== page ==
2) A New Wayfinding System
Creating an Identity/Placemaking System
Expanding the already existing placemaker/identity system of the cafeteria,
and creating a clear identity system for the VR Simulator room.
Expanding America's Table
The entrance of the cafeteria has a unique and memorable placemaker and identity system that uses the newly implemented brand identity of the museum, to help indicate the cafeteria.
This system works well in the space, but it's secluded to one corner of the LL Corridor, and is only visible to visitors once they are close to the entrance.
During my process, I thought that the expansion of this graphic identity would offer visitors a more welcoming experience in the space, and help to further insinuate the identity of the cafeteria further, assisting visitors when they are trying to locate it.
Giving VR a Real Identity
Unlike the Cafeteria, the VR Simulator room did not have a clear identity assigned to it. Other than some temporary signage offered by the VR company, at both entrances, there was nothing that made it clear this space was being used for the simulators. With one of the entrances being just to the West of the East Elevators, many visitors would walk into the VR space, after they noticed a large doorway entrance, only to find this was not the cafeteria.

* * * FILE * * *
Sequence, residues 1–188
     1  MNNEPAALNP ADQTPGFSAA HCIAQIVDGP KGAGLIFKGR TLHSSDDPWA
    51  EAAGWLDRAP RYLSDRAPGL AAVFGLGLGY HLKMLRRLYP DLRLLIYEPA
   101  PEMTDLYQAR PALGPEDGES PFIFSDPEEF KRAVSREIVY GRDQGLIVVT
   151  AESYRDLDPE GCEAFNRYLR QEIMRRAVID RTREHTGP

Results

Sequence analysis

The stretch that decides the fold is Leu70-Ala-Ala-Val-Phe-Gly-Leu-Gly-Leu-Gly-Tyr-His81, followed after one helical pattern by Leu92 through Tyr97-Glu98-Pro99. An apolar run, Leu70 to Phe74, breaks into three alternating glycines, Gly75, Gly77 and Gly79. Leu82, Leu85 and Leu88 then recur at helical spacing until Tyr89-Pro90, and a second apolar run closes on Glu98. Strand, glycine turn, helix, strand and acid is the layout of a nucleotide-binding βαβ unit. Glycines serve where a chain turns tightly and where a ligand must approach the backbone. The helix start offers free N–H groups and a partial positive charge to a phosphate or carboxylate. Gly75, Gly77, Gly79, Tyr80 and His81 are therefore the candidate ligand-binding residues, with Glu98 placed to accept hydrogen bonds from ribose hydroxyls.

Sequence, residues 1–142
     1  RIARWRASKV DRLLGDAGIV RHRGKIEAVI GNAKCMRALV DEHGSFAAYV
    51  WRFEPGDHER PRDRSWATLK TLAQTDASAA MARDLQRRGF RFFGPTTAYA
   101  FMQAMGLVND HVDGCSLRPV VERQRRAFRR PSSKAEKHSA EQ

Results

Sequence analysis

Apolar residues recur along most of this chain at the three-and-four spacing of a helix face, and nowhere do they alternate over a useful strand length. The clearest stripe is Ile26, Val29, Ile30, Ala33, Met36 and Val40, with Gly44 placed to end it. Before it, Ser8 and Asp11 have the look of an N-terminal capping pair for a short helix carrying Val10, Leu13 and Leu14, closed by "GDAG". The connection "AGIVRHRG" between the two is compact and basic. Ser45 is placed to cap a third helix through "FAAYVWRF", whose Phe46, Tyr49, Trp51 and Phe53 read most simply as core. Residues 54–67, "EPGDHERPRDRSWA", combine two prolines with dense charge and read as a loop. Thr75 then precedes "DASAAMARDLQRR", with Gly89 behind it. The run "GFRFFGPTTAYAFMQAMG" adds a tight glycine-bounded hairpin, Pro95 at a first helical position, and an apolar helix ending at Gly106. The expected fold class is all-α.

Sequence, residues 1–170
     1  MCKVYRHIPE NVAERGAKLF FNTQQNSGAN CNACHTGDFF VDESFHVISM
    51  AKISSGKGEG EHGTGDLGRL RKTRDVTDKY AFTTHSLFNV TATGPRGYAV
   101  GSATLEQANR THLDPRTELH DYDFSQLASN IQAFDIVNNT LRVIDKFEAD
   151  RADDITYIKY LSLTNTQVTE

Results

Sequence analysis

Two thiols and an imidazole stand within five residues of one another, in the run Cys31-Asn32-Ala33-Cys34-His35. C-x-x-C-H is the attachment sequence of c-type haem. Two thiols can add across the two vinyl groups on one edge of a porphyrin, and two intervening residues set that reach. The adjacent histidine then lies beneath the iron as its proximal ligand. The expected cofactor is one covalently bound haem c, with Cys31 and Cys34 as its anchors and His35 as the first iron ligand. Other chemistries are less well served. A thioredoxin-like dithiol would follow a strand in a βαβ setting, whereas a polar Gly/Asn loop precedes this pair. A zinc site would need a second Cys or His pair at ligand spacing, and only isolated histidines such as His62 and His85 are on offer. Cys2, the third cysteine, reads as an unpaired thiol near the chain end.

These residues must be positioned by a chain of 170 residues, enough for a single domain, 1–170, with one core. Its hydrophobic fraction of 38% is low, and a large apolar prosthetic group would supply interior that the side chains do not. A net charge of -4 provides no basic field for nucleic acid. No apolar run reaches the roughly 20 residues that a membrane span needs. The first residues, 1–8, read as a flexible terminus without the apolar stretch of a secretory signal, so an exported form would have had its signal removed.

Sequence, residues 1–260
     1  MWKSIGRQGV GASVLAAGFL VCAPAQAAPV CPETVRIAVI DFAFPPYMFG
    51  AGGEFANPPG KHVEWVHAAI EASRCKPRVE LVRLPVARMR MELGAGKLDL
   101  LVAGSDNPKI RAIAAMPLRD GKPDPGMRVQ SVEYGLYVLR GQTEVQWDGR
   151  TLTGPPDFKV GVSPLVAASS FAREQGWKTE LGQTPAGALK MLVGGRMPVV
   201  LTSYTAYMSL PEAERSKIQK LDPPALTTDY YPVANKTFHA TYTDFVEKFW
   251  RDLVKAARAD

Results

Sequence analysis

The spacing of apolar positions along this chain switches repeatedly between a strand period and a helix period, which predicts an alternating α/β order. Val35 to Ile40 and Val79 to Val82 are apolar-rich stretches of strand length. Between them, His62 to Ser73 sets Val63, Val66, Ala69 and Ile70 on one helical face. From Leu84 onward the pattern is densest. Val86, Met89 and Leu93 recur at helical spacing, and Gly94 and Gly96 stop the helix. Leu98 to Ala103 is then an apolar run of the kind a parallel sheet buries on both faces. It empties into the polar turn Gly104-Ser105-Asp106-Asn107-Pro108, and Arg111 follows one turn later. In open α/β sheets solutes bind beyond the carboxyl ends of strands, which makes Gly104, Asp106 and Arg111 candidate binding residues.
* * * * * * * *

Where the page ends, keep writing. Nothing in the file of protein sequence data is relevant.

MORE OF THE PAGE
Thinking about the cafeteria entrance and it's distinguishable identity, I created an identity system for the VR room, that would feel entirely different from the cafeteria and general museum brand identity, helping visitors understand that this space was not the cafeteria.
New Wayfinding System
Working through current signage issues, to create a new wayfinding system that's much more clear.
Make Way for New Wayfinding
Though the LL Corridor does have signage, it often goes unnoticed and does little in helping assist lost visitors. The signage in the space is small, placed in hard to see/read areas, and is not well lit in the space. I proposed that the museum update it's current signage to a newer system that would consist of,
- Suspended wayfinding signs that incorporate the museum brand identity, and are much more visible to visitors